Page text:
Report - Lord Line/Marr, St Andrews Docks, Hull Dec 2015

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28DL Regular User
Regular User
Apr 20, 2013
Was out fishing over the weekend up in the ever so fabulous Hull. So thought I'd pop by whilst I was up there. Packed away early Sunday and decided to have a little wander with the camera.

Didn't get into the building next to the lock as there were loads of people setting off Chinese lanterns and with anchor shaped wreaths and flowers etc so didn't want to disturb them

It's obviously been done many times so here's the history copied from @Robbo recent report.

Some history

St. Andrew's Dock was originally designed for the coal trade but by the time it opened in 1883 it was earmarked solely for the use of the fishing industry which, with the development of steam powered trawlers and of the railway network, was undergoing a period of rapid expansion. The dock extension was opened in 1897. By the 1930s road transport was challenging rail and the last fish train ran in 1965. The last boom period in the industry was in the early 1970s, but by this time the fish market buildings on the north side of the dock were in need of repair. With the expansion of the freezer trawler fleet it was decided to move the fish docks to new buildings at Albert Dock in 1975 and St. Andrew's Dock was closed. This move unfortunately coincided with the declaration by Iceland of a 200 mile limit, the outbreak of the last Cod War, and a decline in the industry from which it has never recovered.

During the 1980s several factors led to changes in the use of land in the St. Andrews Dock and Dock extension areas, such as containerisation and the concentration of port activities in King George and Queen Elizabeth Docks to the east, the construction of Clive Sullivan Way as the major road into the city from the west and the sudden prominence that this gave to the western docks area, and the trend with increased car ownership towards out of town shopping and leisure uses previously concentrated in the City Centre. Filling of the dock itself began in the late 1980s.

The small dock-related industries located mainly on the south side of the dock either followed the fishing industry to Albert Dock or closed altogether, although a small nucleus of industries remained for some time at the eastern end of the dock, associated mainly with the ship-repair activities still taking place in William Wright Dock. As buildings become vacant they were quickly vandalised, tendering to encourage the remaining firms to move out.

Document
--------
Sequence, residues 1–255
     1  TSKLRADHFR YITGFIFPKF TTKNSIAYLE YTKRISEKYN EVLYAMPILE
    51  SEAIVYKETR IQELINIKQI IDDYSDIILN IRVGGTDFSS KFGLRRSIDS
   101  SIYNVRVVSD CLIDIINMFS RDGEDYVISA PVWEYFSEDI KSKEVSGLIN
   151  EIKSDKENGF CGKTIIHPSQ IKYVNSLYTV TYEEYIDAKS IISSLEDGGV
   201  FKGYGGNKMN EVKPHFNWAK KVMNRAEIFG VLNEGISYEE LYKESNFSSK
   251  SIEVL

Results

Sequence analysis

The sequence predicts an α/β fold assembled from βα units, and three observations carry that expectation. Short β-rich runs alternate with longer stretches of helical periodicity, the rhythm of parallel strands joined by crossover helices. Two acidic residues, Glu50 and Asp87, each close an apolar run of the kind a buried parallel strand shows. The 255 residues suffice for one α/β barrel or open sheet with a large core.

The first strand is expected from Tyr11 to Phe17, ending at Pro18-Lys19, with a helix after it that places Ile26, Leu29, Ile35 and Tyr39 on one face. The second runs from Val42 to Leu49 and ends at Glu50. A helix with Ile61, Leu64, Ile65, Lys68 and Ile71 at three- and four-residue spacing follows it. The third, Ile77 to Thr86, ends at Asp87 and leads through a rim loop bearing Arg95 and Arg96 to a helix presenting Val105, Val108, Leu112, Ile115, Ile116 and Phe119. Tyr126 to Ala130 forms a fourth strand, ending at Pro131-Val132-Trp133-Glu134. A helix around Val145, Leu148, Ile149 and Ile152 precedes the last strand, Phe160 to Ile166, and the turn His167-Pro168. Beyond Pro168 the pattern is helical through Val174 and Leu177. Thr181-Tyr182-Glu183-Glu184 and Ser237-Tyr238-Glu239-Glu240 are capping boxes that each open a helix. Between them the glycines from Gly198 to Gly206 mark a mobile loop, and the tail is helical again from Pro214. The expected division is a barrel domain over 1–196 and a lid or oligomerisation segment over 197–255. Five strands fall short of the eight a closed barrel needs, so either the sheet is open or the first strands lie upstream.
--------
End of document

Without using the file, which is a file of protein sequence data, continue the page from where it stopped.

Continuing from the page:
As outlined above, the history of St. Andrew's Dock is very closely associated with the history of the deep-sea trawling industry, and as the dock itself began to disappear through the development of the site for retail and leisure uses, many Hull people felt that a part of their history was also disappearing, a history with which many of them had close family ties. A strong campaign was therefore launched to save something of the dock and its surroundings, both to explain to future generations what the industry was about and to preserve the memory of the many people who had sacrificed their lives to it

DSC_0489 by jason livesey, on Flickr

DSC_0444 by jason livesey, on Flickr

DSC_0448 by jason livesey, on Flickr

DSC_0449 by jason livesey, on Flickr

DSC_0450 by jason livesey, on Flickr

DSC_0452 by jason livesey, on Flickr

DSC_0457 by jason livesey, on Flickr

DSC_0462 by jason livesey, on Flickr

DSC_0464 by jason livesey, on Flickr

DSC_0474 by jason livesey, on Flickr

DSC_0481 by jason livesey, on Flickr

DSC_0485 by jason livesey, on Flickr

DSC_0381 by jason livesey, on Flickr

DSC_0382 by jason livesey, on Flickr

DSC_0385 by jason livesey, on Flickr

DSC_0401 by jason livesey, on Flickr

DSC_0403 by jason livesey, on Flickr

DSC_0405 by jason livesey, on Flickr

DSC_0409 by jason livesey, on Flickr

DSC_0421 by jason livesey, on

DSC_0471 by jason livesey, on Flickr

more can be seen on my flickr


Likes: BoroLad


Behind Closed Doors
Regular User
Jan 12, 2013
I drive past this place quite often and noticed activity recently. The council carried out repair work on the buildings last year to safeguard them from collapse, after the owners ignored demands to carry out the work. Actions like that usually mean they buildings are safe from demolition, however they are in an ever deteriorating state and have become an serious eyesore on a major route into the city. There's a lot of history in those buildings so hopefully something can be done with them - but when did that ever stop developers and their bulldozers.


Badass dare devil gangsta
28DL Full Member
Jul 19, 2007
my first wanderings around this was in 2008 - needless to say it has 'changed slightly' since then
taggers have been busy

nice work all the same, nicely captured

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